It is found in minerals fixed in the form of sulfur. Compared to Cu it is more mobile because its sulfur is more soluble.

The average content of Zn in soil is between 10 and 300 ppm.

The adsorption of Zn occurs in the places of change of the clay minerals and in the organic complex of the plant. It has been studied that approximately 60% of the soluble Zn occurs in the form of organic complexes associated with amino acids and humic acids.

The solubility of Zn in the soil and its minerals is maximum at pH4; going down significantly in neutral conditions and being minimal in alkaline.
P induces Zn deficiency in many soils, due to the formation of zinc phosphates, responsible for the deficiency.

In the plant:

  • The mobility of Zn in the plant is low; it tends to accumulate in the roots but the mobility towards the young tissues is deficient.
  • Important interactions between Zn and Fe occur, as well as Zn and P that can affect the transport of Zn. In plants with deficiencies of Zn have been detected high levels of Fe and P; and, Fe is a clear competitor of Zn for the combination with chelating agents.
  • Also, Cu can significantly affect the absorption of Zn by competing both elements for the same places of absorption of the plant.

Physiology of Mo:

  • It has an enzymatic function like that of Mn and Mg.
  • It is also an essential constituent of various dehydrogenases such as lactic acid and glutamic acid.
  • Zn participates in the making of RNA, demonstrating low levels of this nucleotide in deficient conditions. It also participates in protein formation, amino acid synthesis and nitrate reduction.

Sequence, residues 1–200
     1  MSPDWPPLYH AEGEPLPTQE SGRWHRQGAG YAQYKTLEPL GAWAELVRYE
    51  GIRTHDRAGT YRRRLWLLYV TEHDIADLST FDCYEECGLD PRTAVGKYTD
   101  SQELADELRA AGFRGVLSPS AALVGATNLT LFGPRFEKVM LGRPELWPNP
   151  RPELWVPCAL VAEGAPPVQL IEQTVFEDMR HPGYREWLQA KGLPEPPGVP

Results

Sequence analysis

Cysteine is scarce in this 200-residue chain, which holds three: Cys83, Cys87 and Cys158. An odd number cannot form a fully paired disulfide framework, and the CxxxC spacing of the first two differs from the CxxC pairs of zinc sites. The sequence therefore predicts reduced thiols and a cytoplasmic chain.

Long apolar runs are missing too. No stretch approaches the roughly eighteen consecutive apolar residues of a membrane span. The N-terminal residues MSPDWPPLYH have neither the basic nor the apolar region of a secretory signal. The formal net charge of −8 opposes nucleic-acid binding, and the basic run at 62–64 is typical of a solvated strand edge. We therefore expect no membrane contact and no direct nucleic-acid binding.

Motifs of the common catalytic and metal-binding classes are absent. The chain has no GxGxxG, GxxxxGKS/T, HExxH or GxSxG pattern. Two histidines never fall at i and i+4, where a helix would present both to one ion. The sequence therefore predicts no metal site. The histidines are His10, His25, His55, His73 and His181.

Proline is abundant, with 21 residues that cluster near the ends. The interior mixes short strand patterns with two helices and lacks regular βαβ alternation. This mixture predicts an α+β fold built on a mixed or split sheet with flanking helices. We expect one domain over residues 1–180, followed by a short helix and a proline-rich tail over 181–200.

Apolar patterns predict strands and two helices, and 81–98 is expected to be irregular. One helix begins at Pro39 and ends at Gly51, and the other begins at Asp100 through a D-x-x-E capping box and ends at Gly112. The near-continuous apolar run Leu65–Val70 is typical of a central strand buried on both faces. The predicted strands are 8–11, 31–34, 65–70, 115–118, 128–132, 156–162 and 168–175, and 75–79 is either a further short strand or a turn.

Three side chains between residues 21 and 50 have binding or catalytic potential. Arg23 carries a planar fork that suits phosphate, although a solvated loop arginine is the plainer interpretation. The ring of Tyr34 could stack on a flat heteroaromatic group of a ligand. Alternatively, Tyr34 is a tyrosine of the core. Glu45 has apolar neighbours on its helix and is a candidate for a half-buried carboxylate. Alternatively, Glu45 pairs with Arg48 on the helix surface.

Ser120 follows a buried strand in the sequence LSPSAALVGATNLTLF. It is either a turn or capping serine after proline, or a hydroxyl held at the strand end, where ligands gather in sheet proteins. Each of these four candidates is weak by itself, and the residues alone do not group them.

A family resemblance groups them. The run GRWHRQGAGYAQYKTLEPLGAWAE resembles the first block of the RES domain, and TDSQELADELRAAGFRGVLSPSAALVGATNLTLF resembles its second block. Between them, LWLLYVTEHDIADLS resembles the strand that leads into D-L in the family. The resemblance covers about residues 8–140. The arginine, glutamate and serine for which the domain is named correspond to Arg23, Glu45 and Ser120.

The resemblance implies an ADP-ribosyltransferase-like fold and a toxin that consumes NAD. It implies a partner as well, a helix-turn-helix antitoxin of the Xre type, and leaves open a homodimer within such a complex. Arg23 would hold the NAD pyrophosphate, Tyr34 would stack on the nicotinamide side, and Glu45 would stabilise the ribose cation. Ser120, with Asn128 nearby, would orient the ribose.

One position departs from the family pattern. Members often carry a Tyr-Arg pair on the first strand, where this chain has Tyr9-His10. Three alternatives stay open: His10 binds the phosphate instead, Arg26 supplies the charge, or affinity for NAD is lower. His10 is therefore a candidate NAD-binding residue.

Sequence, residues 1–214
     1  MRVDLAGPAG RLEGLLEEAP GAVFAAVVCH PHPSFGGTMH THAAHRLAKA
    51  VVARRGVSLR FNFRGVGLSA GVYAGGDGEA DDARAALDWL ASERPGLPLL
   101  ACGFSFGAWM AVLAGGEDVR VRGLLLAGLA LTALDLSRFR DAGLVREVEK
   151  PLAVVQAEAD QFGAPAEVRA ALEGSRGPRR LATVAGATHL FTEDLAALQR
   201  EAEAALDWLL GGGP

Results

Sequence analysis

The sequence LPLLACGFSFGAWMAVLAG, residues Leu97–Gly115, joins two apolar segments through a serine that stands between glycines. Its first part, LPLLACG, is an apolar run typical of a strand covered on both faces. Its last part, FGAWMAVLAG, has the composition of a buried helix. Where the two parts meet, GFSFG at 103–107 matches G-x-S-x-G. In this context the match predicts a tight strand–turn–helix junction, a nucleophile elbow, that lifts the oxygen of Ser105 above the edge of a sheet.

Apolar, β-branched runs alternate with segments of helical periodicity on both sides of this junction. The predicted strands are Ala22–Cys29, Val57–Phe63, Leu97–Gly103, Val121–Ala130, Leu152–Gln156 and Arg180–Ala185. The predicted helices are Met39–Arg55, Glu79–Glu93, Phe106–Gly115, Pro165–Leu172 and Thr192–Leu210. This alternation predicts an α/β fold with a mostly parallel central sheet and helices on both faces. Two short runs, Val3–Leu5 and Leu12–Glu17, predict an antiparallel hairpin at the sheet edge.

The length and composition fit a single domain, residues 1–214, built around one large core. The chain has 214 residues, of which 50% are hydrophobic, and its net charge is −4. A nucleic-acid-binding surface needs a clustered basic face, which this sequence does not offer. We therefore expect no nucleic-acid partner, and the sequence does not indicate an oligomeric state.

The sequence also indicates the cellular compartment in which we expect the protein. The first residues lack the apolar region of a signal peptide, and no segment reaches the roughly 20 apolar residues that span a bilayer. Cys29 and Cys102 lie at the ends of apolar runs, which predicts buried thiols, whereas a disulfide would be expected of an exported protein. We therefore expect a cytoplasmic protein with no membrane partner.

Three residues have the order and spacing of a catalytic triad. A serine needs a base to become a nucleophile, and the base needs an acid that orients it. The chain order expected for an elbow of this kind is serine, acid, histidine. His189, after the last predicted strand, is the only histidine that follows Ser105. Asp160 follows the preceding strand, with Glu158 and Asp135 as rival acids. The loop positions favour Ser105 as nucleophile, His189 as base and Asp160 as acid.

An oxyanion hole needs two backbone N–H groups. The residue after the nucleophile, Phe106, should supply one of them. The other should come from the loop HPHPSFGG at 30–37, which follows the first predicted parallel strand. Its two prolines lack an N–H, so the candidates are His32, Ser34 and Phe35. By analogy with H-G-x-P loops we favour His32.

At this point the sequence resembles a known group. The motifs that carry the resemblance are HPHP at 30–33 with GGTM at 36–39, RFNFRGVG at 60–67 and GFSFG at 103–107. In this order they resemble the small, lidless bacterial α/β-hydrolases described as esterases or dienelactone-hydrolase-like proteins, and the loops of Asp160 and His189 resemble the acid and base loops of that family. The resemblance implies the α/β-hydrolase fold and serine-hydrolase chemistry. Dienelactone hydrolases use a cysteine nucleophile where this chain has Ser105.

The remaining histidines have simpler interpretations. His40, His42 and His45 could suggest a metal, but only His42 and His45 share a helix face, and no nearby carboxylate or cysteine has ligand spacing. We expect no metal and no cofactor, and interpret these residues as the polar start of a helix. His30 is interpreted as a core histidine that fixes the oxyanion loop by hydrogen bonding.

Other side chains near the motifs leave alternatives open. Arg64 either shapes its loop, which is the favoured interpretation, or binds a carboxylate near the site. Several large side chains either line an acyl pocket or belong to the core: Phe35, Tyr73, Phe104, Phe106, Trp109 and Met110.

• The function of Zn in the metabolism of auxins, deserves special mention, since it is related to the regulation of the synthesis of tryptophan, precursor of indoleacetic acid. It has been demonstrated that low levels of Zn coincide with low levels of AIA, even with subsequent applications of Zn the levels of this have been corrected.

Zn in the nutrition and fertilization of crops:

  • Zn is a very widespread deficiency and is among those with the highest incidence on yields.
  • Among the main factors capable of generating deficiencies are not usually poor levels of Zn in soil, but conditions that are not prone to its assimilation; among which stand out a pH higher than 7 and high contents of calcium carbonate, or limestone lands.
  • Also noteworthy is the correlation between low temperatures in soils and low absorption of Zn in plants such as tomatoes.
  • High levels of solar radiation contribute instead to the elimination of symptoms of deficiencies.
  • It has been demonstrated that the presence of chelates in the soil as a result of the decomposition of organic matter and root exudation contributes to maintain good levels of Zn in the plant. The
  • Ca acts here as a competitor of the Zn; moving it.

Conclusion about conditions of deficiencies in Zn:

  • Low levels in soil.
  • Limestone soils, diatoms …
  • Low concentrations in humic acids.
  • Cold areas.

In conditions of poor root formation attributed to compact, poorly aired soils … the application of Zn is recommended, or the application of techniques that contribute to the correction of them.

Detection of deficiencies: logically foliar symptoms or the leaf analysis if the deficiency is not severe, but it exists. Note that the foliar contents of Zn below 20-25 ppm are low, being deficient clearly below 10 in apple, citrus, corn, tomato, alfalfa and soybean.

Zn deficiencies:

The main crops in which Zn deficiencies have been detected are citrus, corn and fruit trees.

In general, all agree on internervial chlorosis, reduction of the size of the leaves and malformations.